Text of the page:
In this comparative example, a start mixture having a hydroxyl number of 290 mg KOH/g was prepared from 60% Polyol A (120 g) and 40% Polyol B (80 g). This mixture was charged to a one-liter polyether polyol reactor and propoxylated in two stages to a final hydroxyl number of 37 mg KOH/g. In the first stage, the 200 g of start mixture were heated under vacuum (˜0.5 psia) at 105° C., while allowing nitrogen to flow through the reactor. After thirty minutes, the nitrogen feed was stopped, and the vacuum valve was closed, thus blocking the vacuum in the reactor. Propylene oxide (400 g) was fed into the reactor at a rate sufficient to maintain 40 psia reactor pressure. The time required to complete the 400 g feed was measured and used to calculate a feed rate (g/min.) for the first stage of the propoxylation.

The reaction mixture was allowed to continue stirring at 105° C., until the propylene oxide was consumed, as evidenced by the pressure reaching a steady state value. The contents of the reactor were withdrawn, and 200 g of this product was added back into the reactor. In the second stage, the time required to feed 322 g of propylene oxide to this material under the same conditions of temperature and pressure as detailed above, thus decreasing the hydroxyl number from 97 to 37 mg KOH/g, was determined and similarly used to determine the oxide feed rate.

Examples 2 and 3

The long-chain polyethers of Examples 2 and 3 were made according to the procedure given above for Example C-1, except that Polyol A of the start mixture was replaced either by Polyol C (Example 2) or Polyol D (Example 3).

The propoxylation rate of start mixtures containing each of these polyoxyethylene-containing starters were compared with that for the standard starter mixture (Ex. C-1). The propoxylation rate was determined at 105° C. for both stages of the propoxylation Polyoxyethylene content in each sample at the end of each stage, along with propoxylation rate during each of the two stages of the alkoxylation are summarized below in Table I.

As can be appreciated by reference to Table I, the polyoxyethylene-containing starters, Polyol C (Ex. 2) and Polyol D (Ex. 3) gave higher propoxylation rates than the control in the first portion of the alkoxylation. In the most dramatic example, the propoxylation rate increased from 2.39 g/min. (Ex. C-1) to 3.57 g/min. for the long-chain polyether polyol made in Example 2 from Polyol C (14.7% total polyoxyethylene content at end of this feed). At lower levels of ethylene oxide in the starter in Example 3 using Polyol D (approximately 7% polyoxyethylene content at the end of this feed), the feed rate of 3.03 g/min. was still markedly higher than the 2.39 g/min. rate of the control.

Examples C4, C5, 6, and 7

The polyoxyethylene-containing polyether polyol initiators (Polyols C and D) were evaluated as starters on a larger scale. In a five-gallon polyether polyol reactor, a start mixture was prepared from 60% Polyol A and 40% Polyol B. This start mixture (hydroxyl number of 290 mg KOH/g) was stripped under vacuum (˜0.5 psia) at 105° C., while allowing nitrogen to flow through the reactor. After thirty minutes, the nitrogen feed was stopped, and the vacuum valve was closed, thus blocking the vacuum in the reactor. The mixture was propoxylated at 105° C. in a single stage to a final hydroxyl number of 37 mg KOH/g. The propylene oxide was fed at a constant rate sufficient to give either a seven-hour feed (Example C-4) or five-hour feed Example C-5). During the propoxylation, the reactor pressure was monitored, and the peak pressure was recorded.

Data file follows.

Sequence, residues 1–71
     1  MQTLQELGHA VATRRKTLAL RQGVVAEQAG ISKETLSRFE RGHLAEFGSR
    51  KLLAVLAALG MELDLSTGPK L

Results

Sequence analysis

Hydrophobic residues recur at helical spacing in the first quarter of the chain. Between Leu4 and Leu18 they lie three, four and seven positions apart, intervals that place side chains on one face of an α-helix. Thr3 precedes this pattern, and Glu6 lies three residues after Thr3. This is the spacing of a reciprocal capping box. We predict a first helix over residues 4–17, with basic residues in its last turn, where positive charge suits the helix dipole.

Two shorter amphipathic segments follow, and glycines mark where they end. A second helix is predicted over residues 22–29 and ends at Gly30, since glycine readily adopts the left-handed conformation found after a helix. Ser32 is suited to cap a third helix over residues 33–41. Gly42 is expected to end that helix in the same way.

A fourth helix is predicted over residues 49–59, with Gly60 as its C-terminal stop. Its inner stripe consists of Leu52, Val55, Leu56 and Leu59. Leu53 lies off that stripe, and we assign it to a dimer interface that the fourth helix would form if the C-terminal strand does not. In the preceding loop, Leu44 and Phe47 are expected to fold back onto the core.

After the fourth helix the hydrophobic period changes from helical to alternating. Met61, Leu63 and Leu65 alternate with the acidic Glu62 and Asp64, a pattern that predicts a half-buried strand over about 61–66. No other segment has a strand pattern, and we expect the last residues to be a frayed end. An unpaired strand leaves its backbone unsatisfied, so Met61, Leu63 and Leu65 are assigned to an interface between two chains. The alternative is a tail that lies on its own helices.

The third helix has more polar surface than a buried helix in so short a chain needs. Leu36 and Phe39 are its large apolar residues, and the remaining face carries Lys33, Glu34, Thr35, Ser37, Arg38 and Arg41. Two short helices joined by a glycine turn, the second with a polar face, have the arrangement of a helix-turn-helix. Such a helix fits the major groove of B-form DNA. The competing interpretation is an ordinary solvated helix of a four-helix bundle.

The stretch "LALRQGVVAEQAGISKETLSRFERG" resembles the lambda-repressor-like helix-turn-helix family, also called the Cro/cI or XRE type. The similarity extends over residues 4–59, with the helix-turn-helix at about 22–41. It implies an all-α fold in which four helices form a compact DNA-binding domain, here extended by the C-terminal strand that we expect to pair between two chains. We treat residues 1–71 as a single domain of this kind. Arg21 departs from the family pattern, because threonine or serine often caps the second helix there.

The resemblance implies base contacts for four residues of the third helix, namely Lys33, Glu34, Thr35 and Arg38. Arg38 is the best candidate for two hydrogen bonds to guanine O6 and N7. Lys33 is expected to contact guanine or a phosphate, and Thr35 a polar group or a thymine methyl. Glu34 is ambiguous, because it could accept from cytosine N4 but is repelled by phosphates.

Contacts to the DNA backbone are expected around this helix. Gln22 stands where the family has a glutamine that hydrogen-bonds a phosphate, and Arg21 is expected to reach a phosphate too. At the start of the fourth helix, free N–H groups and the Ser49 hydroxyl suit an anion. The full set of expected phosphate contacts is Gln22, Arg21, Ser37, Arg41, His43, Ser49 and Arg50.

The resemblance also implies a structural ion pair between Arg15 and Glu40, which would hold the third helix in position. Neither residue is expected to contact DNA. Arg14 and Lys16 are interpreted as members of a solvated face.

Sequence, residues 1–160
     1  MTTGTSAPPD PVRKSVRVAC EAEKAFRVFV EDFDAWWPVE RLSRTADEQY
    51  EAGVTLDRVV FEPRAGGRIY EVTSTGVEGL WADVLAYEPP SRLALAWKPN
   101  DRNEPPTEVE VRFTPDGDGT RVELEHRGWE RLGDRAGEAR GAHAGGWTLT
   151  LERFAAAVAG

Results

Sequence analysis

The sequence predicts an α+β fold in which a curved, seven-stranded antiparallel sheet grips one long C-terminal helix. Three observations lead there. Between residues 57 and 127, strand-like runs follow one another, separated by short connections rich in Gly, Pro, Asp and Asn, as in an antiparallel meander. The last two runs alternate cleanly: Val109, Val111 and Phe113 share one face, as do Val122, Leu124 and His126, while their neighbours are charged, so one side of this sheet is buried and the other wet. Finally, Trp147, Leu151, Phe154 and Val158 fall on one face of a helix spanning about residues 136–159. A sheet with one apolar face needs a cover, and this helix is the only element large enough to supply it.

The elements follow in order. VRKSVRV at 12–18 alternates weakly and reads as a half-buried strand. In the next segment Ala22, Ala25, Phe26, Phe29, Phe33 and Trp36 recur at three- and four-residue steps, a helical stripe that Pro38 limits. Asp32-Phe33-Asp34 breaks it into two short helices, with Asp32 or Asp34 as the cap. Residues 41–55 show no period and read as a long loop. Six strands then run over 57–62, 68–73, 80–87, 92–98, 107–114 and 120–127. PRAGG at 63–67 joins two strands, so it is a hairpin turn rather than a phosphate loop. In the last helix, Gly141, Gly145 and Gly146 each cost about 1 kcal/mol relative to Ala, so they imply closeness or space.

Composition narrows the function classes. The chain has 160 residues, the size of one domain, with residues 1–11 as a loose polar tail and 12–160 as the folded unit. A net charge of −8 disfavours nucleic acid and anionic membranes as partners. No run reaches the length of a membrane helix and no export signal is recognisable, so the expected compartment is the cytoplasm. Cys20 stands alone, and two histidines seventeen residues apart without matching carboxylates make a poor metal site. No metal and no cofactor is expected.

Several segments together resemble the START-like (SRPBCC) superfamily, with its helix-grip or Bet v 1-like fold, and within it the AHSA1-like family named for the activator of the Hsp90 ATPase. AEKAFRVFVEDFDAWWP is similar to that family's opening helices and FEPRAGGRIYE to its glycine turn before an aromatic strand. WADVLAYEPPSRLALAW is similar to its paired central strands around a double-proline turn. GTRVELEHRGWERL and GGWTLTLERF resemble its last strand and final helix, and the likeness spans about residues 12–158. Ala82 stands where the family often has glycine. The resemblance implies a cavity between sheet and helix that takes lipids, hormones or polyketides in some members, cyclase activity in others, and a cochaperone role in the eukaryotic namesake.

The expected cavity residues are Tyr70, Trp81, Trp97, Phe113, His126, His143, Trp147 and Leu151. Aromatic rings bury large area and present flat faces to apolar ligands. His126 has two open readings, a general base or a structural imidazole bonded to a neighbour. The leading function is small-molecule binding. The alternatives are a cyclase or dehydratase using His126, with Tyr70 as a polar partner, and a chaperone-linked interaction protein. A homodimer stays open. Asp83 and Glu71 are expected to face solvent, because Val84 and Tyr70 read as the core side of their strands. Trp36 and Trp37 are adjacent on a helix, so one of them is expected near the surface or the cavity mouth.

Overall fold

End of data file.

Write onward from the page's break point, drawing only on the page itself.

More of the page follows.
Following the propoxylation, the polyols were ethoxylated in a second step (117° C.) to a theoretical hydroxyl number of 31.5 mg KOH/g. An analogous procedure was used to prepare long-chain polyether polyols of the present invention using a five-hour feed time, in which Polyol A in the start mixture was replaced either by Polyol C (Ex. 6) or Polyol D (Ex. 7). The pressure observed was indicative of the free propylene oxide concentration during the propoxylation, with a lower pressure at the same feed time corresponding to lower propylene oxide concentration and indicating higher reactivity. The polyoxyethylene-containing starters (Polyols C and D), at five hour feed times, gave pressures between those observed in the five (Ex. C-5) and seven (Ex. C-4) hour controls, indicating a greater reactivity than the comparative examples, which had no polyoxyethylene-containing initiators in the start mixture. Following the propoxylation, the long-chain polyols were ethoxylated in a procedure analogous to that used for C-4 and C-5 to a hydroxyl number of 31.5 mg KOH/g.

The physical properties for each of the polyols are summarized in Table II. There was no indication that the long-chain polyether polyols prepared using the polyoxyethylene-containing starters had a property profile which would negatively influence their utility in molded polyurethane foams.

TABLE I
PolyoxyethylenePO feed rate fromRelative PORelative PO
Ex.content (wt. %) at290 OH to 97 OHFeed rate fromFeed rate from
No.Starter Description97 and 37 OH no.(g/min.)290 OH to 97 OH97 OH to 37 OH
C-160% Polyol A:40% Polyol B0; 02.391.001.00
260% Polyol C:40% Polyol B14.7; 5.6 3.571.491.02
360% Polyol D:40% Polyol B7.4; 2.83.031.271.01

TABLE II
Ex.Feed TimeOH no.Max. Press.ViscosityUnsaturationCloud Point
No.Description(hr.)(Exp.)(psia)(cks)(meq/g)(° C.)
C-460% Polyol A:40% Polyol B733.45710430.05953.6
C-560% Polyol A:40% Polyol B540.1708470.04752.3
660% Polyol C:40% Polyol B532.9659840.04555
760% Polyol D:40% Polyol B535.1628250.04252.8

The foregoing examples of the present invention are offered for the purpose of illustration and not limitation. It will be apparent to those skilled in the art that the embodiments described herein may be modified or revised in various ways without departing from the spirit and scope of the invention. The scope of the invention is to be measured by the appended claims.